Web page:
About six months went by and I got a phone call from the vice president at Bank of the West, and he wanted me to come up and meet with the Board of Directors. When I met with them they wanted to know about the church development business in California: how big it was and such. It turned out that after Bank of the West acquired Central Bank, they brought in auditors to go through the specialty accounts. The number one performing account that Central Bank had was their church loan division. It outperformed everything! And Bank of the West wanted to reopen it as quickly as possible.
Within a couple months, the church loan division was back in business. It started out in California and spread to Washington and Oregon, and the eleven western states. Now they do funding for churches all across America and have billions of dollars in church loans out there. Persistence paid off.
Banking is only one option for Construction Financing. Another option is using my friend Scott Rolfs at B.C. Ziegler in Milwaukee, Wisconsin. They do church bonds, which is a good option. Charles Major at Share Financial Services in Dallas also does church bonds. We have worked with Charles and Scott for over 20 years. We have done bond programs all over the country. It is a very effective way to generate the funds you need. It works by borrowing from your own congregation. Your congregation can buy the bonds, as many as they want, and then Share Financial or BC Ziegler will sell the balance on the open market. There are investors all over the country that put their money in church bonds. It is a great way to fund a project. It is a little more expensive up front because you have to set up the entire bond issue, but then you are locked in for the life of the loan. It is fully amortized for as long as the loan is, up to twenty years.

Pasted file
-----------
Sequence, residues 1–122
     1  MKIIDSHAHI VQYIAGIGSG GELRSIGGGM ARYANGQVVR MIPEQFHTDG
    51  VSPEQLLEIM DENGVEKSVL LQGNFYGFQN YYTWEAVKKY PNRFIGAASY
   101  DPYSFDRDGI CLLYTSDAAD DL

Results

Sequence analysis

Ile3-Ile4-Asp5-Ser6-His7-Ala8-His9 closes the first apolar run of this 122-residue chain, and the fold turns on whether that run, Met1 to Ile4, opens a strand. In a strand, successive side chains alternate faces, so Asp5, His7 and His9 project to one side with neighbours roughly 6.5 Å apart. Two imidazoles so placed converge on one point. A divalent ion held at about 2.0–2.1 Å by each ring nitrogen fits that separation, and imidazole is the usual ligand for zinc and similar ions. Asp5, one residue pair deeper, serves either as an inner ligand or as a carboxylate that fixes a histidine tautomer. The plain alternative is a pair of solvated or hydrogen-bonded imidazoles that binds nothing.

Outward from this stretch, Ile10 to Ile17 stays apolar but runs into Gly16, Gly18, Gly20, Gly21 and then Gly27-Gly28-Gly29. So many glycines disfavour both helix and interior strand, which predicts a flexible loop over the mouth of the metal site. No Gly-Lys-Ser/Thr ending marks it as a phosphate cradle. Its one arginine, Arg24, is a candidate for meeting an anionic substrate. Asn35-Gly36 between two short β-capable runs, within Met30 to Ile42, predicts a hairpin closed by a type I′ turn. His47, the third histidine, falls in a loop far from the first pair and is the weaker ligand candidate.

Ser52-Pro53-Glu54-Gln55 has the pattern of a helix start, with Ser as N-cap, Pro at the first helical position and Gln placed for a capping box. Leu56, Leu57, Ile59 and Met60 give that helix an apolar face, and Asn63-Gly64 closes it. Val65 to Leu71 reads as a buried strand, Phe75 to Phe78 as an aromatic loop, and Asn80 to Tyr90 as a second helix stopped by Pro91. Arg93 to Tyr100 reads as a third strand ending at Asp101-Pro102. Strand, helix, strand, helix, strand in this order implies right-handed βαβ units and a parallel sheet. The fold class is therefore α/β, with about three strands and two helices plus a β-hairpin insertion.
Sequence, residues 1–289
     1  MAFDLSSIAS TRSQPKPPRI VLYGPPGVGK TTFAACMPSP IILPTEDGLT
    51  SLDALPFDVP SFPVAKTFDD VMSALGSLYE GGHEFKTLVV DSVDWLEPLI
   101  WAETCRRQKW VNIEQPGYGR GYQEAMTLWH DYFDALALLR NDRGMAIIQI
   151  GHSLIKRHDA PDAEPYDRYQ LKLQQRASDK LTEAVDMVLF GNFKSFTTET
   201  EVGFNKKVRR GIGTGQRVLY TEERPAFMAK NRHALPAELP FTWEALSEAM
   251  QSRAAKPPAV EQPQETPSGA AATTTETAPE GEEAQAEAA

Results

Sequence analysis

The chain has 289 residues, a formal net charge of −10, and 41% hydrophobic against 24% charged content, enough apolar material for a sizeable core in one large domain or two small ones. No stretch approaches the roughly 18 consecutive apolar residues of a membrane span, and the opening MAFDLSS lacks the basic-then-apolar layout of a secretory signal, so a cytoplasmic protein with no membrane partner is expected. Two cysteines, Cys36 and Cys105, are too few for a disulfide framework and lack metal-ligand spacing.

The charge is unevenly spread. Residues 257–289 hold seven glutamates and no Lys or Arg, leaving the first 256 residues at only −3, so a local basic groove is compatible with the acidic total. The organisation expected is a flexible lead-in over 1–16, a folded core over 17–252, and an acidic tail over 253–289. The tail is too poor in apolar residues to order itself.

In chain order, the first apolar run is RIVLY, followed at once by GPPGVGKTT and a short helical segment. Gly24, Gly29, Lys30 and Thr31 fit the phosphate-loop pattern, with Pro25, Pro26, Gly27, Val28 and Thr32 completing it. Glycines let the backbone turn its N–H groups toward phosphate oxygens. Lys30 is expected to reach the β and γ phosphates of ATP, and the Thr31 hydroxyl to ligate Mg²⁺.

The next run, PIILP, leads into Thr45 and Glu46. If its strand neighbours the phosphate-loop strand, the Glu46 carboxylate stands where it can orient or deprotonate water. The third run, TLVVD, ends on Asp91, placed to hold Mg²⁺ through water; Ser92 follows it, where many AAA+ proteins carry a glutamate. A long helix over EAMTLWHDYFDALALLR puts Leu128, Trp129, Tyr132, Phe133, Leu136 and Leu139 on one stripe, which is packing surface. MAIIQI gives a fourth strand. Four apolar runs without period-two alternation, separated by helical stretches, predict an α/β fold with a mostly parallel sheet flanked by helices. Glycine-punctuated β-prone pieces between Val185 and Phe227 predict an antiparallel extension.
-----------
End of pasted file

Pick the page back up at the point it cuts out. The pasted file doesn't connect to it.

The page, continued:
Banks do not lock in interest rates. At the most, you can get a five-year lock, which means that at the end of five years you have to refinance into a long-term loan. (The bank wants you to do that so they can just adjust the interest rate to whatever the current interest rate is.) Currently, interest rates are still historically low. We are getting bank loans at four and a half percent. It is phenomenal. If you have a loan that is four and a half or less, lock it in for as long as you can now, because odds are that the rates are only going to go up.
Another way to do Church Construction Financing is to set up a line of credit with the bank and draw on that line of credit while your construction is happening. At the end of construction, you take the total amount of the line of credit and flip it into a mortgage.
There are a lot of ways to finance your facility. It is a little complicated, like when you buy a house; the banks are going to want more information than you could possibly imagine. A typical loan package that we put together for a church is about an inch thick. We know exactly how to put it together and the banks appreciate that we have everything required when we first go in.
I can help you secure your Construction Financing. Call me now with any questions you have at 719-439-3019. And download the free e-books to learn how to get “Your Church Building and Design In 10 Easy Steps”.